open. We treated it as a classification problem. The data included demographic
features, geographic features, store categories and more.
Thanks to a clear roadmap that was agreed upon with the client, we were able to deliver within the budget.
We encountered several challenges while delivering the solution to the client, including:
- High volume of data in a remote Microsoft SQL Server
- Improve model despite lack of positives in dataset
- Create a solution in our Azure tenant that can run on the Client’s side – Utilisation of Azure Data Factory, CI/CD and Azure ML services…
- Delivery within budget
Using the productionised model and its predictions, our client was able to:
- Display likelihood of closure for each store on their website
- Enrich the data they already had available
- This data could then be sold on to third parties
Research Paper Helper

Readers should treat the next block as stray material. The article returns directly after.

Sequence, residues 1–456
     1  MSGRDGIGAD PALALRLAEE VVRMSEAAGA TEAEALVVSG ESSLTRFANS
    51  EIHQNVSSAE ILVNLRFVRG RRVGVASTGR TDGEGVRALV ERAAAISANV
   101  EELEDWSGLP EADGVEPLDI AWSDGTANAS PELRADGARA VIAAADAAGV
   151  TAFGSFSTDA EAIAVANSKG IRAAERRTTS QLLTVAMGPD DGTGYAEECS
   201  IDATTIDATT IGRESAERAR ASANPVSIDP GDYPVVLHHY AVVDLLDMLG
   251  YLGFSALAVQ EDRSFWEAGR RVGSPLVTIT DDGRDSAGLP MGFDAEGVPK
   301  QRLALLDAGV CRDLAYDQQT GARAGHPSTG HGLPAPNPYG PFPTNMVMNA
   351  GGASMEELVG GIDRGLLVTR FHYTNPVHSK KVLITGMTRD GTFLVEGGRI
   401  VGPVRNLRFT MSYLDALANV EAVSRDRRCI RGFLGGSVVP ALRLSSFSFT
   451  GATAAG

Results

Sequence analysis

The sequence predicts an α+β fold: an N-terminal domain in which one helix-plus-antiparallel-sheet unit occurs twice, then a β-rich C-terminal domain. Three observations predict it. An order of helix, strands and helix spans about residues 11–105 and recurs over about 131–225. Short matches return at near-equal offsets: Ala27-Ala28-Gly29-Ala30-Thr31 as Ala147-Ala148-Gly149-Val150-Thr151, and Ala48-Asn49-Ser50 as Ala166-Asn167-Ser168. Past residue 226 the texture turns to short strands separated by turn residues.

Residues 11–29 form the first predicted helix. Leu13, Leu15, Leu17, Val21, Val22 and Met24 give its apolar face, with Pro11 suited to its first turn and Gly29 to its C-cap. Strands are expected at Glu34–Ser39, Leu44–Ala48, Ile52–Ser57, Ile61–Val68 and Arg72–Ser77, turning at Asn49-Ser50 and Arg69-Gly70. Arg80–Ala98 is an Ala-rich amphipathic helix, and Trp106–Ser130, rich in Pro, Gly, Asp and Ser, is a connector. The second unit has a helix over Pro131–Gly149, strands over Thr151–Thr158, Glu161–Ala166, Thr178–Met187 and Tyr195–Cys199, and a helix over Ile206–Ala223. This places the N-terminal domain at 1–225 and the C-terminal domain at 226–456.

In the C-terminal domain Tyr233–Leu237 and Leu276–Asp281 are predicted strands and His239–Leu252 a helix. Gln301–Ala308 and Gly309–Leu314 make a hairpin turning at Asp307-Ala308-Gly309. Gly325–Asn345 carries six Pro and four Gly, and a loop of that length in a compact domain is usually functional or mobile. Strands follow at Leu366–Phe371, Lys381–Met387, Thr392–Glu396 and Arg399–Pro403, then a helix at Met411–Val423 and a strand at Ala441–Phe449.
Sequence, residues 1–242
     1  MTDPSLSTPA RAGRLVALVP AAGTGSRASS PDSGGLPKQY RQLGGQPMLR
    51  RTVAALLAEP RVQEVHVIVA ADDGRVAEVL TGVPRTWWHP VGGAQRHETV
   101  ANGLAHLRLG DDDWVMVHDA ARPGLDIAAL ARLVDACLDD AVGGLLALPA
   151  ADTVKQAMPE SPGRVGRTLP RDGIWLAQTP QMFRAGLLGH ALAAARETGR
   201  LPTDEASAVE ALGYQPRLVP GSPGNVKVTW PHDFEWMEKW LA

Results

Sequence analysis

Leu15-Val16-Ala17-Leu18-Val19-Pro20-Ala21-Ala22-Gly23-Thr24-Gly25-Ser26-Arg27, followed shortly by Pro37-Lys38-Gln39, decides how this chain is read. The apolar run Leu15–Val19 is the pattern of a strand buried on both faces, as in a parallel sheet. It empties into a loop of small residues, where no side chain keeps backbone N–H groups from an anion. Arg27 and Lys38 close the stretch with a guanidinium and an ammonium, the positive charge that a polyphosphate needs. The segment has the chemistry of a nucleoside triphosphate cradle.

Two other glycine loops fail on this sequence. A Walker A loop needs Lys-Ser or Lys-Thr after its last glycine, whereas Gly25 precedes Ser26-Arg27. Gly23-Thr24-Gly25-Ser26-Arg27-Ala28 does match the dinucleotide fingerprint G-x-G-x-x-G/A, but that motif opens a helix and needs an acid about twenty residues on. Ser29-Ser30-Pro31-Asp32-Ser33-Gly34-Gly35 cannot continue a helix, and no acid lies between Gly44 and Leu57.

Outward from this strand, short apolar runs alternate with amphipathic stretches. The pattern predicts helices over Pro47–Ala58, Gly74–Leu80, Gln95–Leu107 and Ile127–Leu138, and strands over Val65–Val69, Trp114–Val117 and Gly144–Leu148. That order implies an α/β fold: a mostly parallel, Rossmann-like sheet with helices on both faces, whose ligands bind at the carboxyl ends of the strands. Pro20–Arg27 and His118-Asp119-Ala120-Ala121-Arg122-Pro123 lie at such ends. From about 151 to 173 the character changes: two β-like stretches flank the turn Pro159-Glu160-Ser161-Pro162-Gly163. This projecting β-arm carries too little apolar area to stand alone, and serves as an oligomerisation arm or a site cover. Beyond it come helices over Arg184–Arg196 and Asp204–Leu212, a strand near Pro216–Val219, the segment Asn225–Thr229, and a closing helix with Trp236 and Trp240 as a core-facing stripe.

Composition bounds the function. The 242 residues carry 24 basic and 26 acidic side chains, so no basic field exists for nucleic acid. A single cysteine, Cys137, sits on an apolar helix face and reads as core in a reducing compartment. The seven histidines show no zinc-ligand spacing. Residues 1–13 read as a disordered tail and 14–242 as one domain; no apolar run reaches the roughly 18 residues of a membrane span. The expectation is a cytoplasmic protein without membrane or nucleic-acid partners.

How do you efficiently extract data from research articles?
This project uses computer vision, OCR and NLP to detect tables in academic
PDF files. The aim is to help make research papers more accessible and easier to use.
The process is integrated into an API with Flask, which makes it easy to use for our client.
From scraping to NLP
The following diagram outlines the different steps involved in completing this project, from designing an article scraper to performing NLP tasks to extract relevant data.
This service can be sold to educational bodies, which would help researchers to quickly find informative results.
Financial Data Extraction
In this project, we aimed to extract financial information from webpages. The information we wanted to extract were the monetary values (in Yuan) of loans mentioned in these pages, including their principal, interest, fees, etc. and the total value. These webpages were only accessible in Standard Chinese.
For that, we used NLP models to automatically extract this information using the scraped content of the webpages. After training these models, we deployed them into a mixed API/forms container app, which is hosted on Azure.
The training phase was an opportunity to compare different types of approaches in terms of their accuracy, speed and cost. One of the challenges was the small amount of data available for training.